St. Vincent’s DeJamz: international artists

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(Graphic by Max Kleiner / The DePaulia)

(Graphic by Max Kleiner / The DePaulia)

To spice things up a little different from last week’s issue of local sound by Chicago’s young artists, this week’s selection is entirely compiled of not only international artists, but also songs not in the English language. Whether it’s songs that have reached the tippy top of the U.S. music charts or others that may slip by and gone unknown, the beauty of the various languages in these songs is a stark reminder to open our ears to music we may not understand.

From Europe to Asia and rock to pop, here are just a few of the endless songs that make music special to every country and every person in this shared world.

1. Nena — “99 Luftballons”

While you may have heard its English version (“99 Red Balloons” by Kevin McAlea), released the same time as German band, Nena’s, original hit. Released in 1983, the undeniably catchy anti-war protest song hit the top of the charts across a number of countries in Europe. Since its debut, the song has found itself imbedded into pop culture of both Germany and the United States, playing routinely in various films and television shows. “99 Luftballons” is sure to get anyone dancing like it’s the 1980s.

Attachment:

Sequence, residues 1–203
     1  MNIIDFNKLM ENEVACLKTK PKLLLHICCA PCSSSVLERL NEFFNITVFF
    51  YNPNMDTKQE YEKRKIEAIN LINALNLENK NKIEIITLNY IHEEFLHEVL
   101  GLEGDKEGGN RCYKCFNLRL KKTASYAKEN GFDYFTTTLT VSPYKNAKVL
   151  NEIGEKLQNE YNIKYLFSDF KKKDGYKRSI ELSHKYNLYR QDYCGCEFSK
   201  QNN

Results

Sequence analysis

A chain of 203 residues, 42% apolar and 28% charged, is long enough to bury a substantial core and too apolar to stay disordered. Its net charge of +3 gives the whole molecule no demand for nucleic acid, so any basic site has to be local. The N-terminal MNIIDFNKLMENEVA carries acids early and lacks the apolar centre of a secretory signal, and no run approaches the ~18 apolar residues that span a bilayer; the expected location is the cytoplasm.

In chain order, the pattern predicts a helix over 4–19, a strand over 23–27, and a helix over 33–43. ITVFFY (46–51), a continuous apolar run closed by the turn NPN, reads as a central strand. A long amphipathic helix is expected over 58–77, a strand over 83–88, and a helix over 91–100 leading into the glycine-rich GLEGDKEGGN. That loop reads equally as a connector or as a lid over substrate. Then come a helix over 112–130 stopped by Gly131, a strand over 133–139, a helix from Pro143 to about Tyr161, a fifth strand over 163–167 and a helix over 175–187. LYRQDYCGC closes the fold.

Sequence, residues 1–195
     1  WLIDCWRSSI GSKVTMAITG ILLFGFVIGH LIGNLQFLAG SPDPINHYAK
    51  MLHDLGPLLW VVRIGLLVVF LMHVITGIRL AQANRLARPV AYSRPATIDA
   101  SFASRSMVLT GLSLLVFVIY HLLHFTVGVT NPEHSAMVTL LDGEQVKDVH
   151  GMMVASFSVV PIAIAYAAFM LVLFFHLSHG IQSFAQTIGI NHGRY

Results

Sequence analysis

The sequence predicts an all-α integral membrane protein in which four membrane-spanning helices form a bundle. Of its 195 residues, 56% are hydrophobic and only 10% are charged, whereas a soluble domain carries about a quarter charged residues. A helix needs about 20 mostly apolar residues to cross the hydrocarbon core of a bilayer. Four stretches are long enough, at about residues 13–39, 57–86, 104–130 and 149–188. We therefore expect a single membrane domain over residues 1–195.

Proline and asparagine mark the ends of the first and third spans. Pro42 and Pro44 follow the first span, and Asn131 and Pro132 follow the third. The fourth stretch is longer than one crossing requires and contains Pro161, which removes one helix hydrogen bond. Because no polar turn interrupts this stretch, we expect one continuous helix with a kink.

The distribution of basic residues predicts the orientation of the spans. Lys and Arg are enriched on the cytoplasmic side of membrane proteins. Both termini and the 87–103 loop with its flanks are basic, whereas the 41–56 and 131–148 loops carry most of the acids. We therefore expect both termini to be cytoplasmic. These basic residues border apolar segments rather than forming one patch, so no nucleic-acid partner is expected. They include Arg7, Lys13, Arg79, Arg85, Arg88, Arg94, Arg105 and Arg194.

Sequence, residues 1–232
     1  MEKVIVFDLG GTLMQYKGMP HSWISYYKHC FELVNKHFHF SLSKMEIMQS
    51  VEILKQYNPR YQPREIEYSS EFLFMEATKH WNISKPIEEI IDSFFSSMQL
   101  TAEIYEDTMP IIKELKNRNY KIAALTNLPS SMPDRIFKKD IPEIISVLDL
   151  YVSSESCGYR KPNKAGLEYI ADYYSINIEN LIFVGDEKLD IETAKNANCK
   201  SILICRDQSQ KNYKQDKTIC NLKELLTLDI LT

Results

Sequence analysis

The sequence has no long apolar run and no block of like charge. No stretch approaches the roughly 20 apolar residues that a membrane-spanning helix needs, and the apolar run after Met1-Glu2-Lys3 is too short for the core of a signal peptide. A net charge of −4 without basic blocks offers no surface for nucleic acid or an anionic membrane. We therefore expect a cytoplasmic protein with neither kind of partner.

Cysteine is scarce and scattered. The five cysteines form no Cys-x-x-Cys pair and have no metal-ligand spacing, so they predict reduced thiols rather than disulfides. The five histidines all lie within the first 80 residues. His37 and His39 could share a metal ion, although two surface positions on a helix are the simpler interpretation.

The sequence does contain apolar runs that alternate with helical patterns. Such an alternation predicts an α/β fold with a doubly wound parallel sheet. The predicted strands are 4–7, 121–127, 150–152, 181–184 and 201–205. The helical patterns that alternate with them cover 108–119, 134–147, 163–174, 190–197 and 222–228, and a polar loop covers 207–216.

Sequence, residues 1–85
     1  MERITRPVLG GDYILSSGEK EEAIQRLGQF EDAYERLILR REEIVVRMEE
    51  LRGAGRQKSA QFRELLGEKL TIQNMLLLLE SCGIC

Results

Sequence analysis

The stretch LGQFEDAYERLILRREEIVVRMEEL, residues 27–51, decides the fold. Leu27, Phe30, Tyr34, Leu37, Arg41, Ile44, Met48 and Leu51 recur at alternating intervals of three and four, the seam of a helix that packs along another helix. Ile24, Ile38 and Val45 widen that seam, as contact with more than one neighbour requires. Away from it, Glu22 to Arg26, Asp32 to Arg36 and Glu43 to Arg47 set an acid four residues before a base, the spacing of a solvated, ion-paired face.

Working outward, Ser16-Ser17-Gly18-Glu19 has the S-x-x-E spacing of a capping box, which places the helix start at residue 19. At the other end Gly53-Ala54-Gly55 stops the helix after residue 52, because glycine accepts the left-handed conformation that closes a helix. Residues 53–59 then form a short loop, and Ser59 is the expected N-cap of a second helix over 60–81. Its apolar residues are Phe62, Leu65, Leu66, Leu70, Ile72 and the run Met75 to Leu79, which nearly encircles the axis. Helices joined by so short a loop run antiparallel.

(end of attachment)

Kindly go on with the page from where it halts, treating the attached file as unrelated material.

2. Sigur Rós— “Hoppípolla”

I couldn’t tell you what this song is about, and I would recommend not even looking up the translation behind “Hoppípolla” because it takes away the mysterious beauty behind the Icelandic single. Possibly the most well known song by the Icelandic post-rock band Sigur Rós, Hoppípolla exemplifies the feeling of bittersweet happiness that the band’s sound is known for. The band’s frontman and lead guitarist Jónsi, has made his mark on a number of American film soundtracks like the “How to Train Your Dragon” series, along with director Cameron Crowes’ “We Bought a Zoo” and “Vanilla Sky.”

3. Andrea Bocelli— “Con te partirò”

Much like “99 Luftballons,” you may not recognize the name of this Italian operatic pop song, but you have probably heard its English version, “Time to Say Goodbye.” The song itself gives “Hoppípolla” a run for its money for the most beautiful song on this list, as Bocelli’s impressive and unbreakable voice would be quite hard to beat. Most would probably recognize the song from its magnificent cover by Will Ferrell and DePaul alum John C. Reilly, at the end of their popular comedy film, “Step Brothers.”

4. Psy — “Gangnam Style”

I apologize in advance, but it is impossible to compile a list of international music hits and not include what is arguably the biggest foreign language song to blow up the U.S. music charts in recent years. Created by South Korean musician, Psy, “Gangnam Style” took over pop culture as a phenomenon in 2012 as millions –including President Obama and other world leaders – began to replicate Psy’s amusing signature dance moves in parody music videos of the song. While the hype and popularity of the song, as well as Psy’s career in the U.S., may have died down, “Gangnam Style” still remains a key example of how fast songs from other countries can take over the pop culture world.